that I am going to number on each drum, I will be able to put them the right way up.
Great, I would have never known about that at all :D

One further question: As you can see in one of the pics, some of the bolts´n´nuts in the inside
have a really tiny washer. Finding a bigger one is no problem, but: Would it be more useful to use a
backing plate instead of the washers - just like may LP Congas have? That would add to stability perhaps, but also to the weight. I love the lightness of the drum very much.

On the hand I like the idea of keeping as much of the original Gon Bops stuff as such,
but on the other hand sometimes it is "safety first" :wink:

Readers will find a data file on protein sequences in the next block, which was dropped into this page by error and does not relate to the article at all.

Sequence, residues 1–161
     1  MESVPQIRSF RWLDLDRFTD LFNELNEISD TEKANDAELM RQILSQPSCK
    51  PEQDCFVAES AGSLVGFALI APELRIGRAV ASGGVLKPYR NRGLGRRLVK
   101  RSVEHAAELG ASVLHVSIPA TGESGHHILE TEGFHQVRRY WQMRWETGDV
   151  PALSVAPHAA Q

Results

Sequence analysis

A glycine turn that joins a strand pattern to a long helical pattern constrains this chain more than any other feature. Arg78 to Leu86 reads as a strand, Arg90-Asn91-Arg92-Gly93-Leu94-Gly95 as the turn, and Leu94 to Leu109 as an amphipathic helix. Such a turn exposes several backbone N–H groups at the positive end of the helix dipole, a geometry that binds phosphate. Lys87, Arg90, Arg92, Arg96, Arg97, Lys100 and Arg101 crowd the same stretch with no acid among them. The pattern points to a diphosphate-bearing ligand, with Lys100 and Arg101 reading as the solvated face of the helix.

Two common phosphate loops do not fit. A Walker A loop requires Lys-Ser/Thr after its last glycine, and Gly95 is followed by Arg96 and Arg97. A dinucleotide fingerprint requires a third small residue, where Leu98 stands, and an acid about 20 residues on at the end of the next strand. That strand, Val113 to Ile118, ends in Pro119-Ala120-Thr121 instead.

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Re: Mike´s Gon Bops project

Postby bongosnotbombs » Thu May 07, 2009 5:38 pm

On the hand I like the idea of keeping as much of the original Gon Bops stuff as such,
but on the other hand sometimes it is "safety first"

I kept the original hardware, except I added the handle of course. Bigger washers would be
cool. A backing plate might be good to, but I'm not sure it would be worth the extra effort to make one, as
opposed to just getting a few new washers for a couple pennies at the store.
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Re: Mike´s Gon Bops project

Postby Mike » Thu May 07, 2009 6:13 pm

For my vintage 1980s Supercussion bongos I made some backing plates on my own
and, by placing pieces of a thin and foamy mousepad behind it, protected the somewhat brittle
shell made of fir, ("Douglasie" or some other wood).

Because you also mentioned the brittleness of the mahogany wood, I will consider the idea of backing plates,
as they they spred the tension more evenly.

Still another thought (and it is really fun, this project): You have got cow skins on your Gon Bops congas, do you?